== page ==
As for his successor, Wilhite said Thompson’s experience outside the industry helps her avoid the “myopia” that often plagues lifelong auto execs. Thompson began her career in 1979 as one of the first women to join Chrysler’s management training program, and later rose to national marketing director for Lexus. In the ’90s, she spent five years overseeing interactive programs at Callaway Golf. “She has a much broader grasp of brand building,” said Wilhite.

In one of her early strategic moves last fall, Thompson unveiled Nissan’s first multiple-vehicle “family” ad push. The 2005 Pathfinder, Xterra and new full-sized Armada SUV were grouped together under the “Shift_” banner with the extended tagline, “A shift has been made.” Similarly, the Frontier mid-size pickup was placed into ads with the full-size Titan, arguably creating a strong halo around the younger brand.

“The campaign told people that if they hadn’t thought of Nissan as a full-line automaker, we’ve expanded our portfolio,” said Fred Suckow, director of marketing at Nissan division, Gardena, Calif.

Supplemental campaigns included TV/print ads for Pathfinder that wrapped an active lifestyle theme around the concept of “Tell better stories.” A Web site prompted consumers to share their stories relating to driving the vehicle, and garnered 70,000 entries, according to Suckow. “The underlying principle was self-expression and adventure,” he said.

The Xterra campaign, meanwhile, targeted an active lifestyle demographic with teaser ads showing surfboards, ski poles and bicycle chains crossed to form an “X.” The ads directed consumers to, where they could enter the Xterra Schooled sweepstakes with prizes such as trips to a kayak, surfing or snowboarding school. Nissan didn’t just pepper the Web with banners. More typical were efforts targeted at enthusiasts, such as sponsoring real-time footage of surf conditions at popular spots on the site

Its efforts in the truck/SUV category are paying off. Nissan/Infinity truck sales were up 55% last year, despite rising gas prices and aggressive competition from Toyota and Honda. The online efforts were typical of automakers’ recent push away from traditional media, though Nissan hasn’t exactly weaned itself from the medium yet: Its $4.8 million online spending figure, per TNS Media Intelligence, was a small fraction of its total $910 million outlay in 2004, a 15% increase over the previous year, per TNS.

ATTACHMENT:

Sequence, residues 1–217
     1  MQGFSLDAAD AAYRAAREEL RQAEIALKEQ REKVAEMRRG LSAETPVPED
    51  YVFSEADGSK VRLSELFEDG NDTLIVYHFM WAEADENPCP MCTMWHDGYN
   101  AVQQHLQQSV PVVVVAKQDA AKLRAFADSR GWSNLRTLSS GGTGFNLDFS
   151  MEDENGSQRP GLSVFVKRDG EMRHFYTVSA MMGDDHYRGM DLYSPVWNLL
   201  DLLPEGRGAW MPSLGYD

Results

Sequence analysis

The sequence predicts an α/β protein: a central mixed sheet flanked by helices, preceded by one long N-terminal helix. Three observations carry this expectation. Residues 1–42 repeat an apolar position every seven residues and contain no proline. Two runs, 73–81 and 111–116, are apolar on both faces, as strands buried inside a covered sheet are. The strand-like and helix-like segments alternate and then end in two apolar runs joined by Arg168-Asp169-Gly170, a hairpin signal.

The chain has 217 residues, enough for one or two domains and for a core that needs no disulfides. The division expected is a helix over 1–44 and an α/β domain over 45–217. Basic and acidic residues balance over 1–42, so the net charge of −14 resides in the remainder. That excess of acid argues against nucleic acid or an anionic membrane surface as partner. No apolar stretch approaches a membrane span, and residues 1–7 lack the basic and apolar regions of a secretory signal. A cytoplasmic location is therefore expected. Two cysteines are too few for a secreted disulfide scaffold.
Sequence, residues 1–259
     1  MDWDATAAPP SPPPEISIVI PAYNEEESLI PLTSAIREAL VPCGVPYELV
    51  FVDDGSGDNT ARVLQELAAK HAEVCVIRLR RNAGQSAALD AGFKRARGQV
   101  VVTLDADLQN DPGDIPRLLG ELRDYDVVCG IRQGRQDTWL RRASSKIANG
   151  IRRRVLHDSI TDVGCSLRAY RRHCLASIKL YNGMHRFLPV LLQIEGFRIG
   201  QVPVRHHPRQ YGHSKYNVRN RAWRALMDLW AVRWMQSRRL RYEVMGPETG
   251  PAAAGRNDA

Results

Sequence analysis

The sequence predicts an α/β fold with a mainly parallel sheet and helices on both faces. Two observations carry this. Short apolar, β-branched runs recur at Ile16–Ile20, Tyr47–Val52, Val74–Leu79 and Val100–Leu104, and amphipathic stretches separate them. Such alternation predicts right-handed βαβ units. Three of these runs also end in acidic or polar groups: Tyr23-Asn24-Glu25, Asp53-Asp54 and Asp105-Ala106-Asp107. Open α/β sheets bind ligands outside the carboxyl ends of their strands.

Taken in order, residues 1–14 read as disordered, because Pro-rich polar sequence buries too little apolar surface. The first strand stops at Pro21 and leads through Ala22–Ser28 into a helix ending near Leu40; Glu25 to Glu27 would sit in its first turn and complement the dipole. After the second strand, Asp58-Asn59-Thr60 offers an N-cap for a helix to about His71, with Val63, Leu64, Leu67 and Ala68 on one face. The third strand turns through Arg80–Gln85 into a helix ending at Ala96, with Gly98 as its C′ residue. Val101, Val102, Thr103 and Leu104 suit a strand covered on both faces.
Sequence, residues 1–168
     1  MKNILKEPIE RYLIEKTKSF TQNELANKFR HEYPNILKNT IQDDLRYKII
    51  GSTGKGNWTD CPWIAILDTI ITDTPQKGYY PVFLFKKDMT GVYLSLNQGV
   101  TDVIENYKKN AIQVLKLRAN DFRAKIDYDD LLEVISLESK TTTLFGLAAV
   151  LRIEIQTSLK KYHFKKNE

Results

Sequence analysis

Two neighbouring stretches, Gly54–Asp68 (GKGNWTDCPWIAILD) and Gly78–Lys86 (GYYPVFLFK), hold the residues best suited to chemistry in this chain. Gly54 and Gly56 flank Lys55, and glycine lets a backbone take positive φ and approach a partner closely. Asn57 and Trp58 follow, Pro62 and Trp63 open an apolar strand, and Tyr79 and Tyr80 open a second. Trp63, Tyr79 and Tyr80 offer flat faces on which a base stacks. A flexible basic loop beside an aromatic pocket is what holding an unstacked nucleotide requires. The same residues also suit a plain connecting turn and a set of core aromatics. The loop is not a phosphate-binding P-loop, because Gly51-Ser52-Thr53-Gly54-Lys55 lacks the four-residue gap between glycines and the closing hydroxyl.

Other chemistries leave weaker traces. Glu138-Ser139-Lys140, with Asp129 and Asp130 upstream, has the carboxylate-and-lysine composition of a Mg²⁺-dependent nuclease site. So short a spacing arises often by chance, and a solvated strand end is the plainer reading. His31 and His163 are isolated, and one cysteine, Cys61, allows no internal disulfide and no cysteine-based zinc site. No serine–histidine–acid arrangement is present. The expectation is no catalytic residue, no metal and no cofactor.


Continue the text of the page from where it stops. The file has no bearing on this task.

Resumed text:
Thompson sees the Internet as a gold mine for reserarch and demonstrating return on investment. “We know today–and we didn’t know this three years ago–that for every dollar we spend in paid search, we get a $36 return on investment,” said Thompson. “If any particular key word or site isn’t working, we can change it immediately … Who’s going to argue with that? Finance loves it. Purchasing loves it. It’s all measurable.”

the centerpiece of Nissan’s marketing in 2005 revolved around the February launch of the redesigned Infiniti M sedan, a $40,000-plus nameplate that aims to compete in the luxury sector with the likes of Mercedes and BMW.

It’s gotten off to an excellent start. Nissan sold nearly 15,000 of the vehicles through August–a mere 2,090 units were delivered last year–putting the company within reach of its year-end goal of 25,900. That would place it well behind No. 1 BMW 5-series and Mercedes E-class, but ahead of Lexus GS, Audi A6 and Cadillac STS.

The M35/45 is one of the final pieces in Infiniti’s overhaul of its vehicle portfolio, which also includes the successful FX SUV and G35 sports coupe. Connelly, who like former Callaway exec Thompson, sees life in golf, observed, “It’s like what they said about Phil Mickelson: You win one major, you’re in the record books; when you win two, you’re in the history books. Once you develop three successive model launches that all compete very well in [the] tier-one luxury segment, you’re no longer a newcomer. You’ve started to establish yourself as a solid player.”

Nissan broke new ground on M in terms of both its design and marketing. Execs at TBWA\Chiat\Day, Playa del Rey, Calif., which had created the “Shift_” mantra, dispensed with the usual templates for touting luxe cars–villas, rain-slicked roads, smiling 30-somethings driving to the yacht slip–and looked outside the realm of cars for inspiration.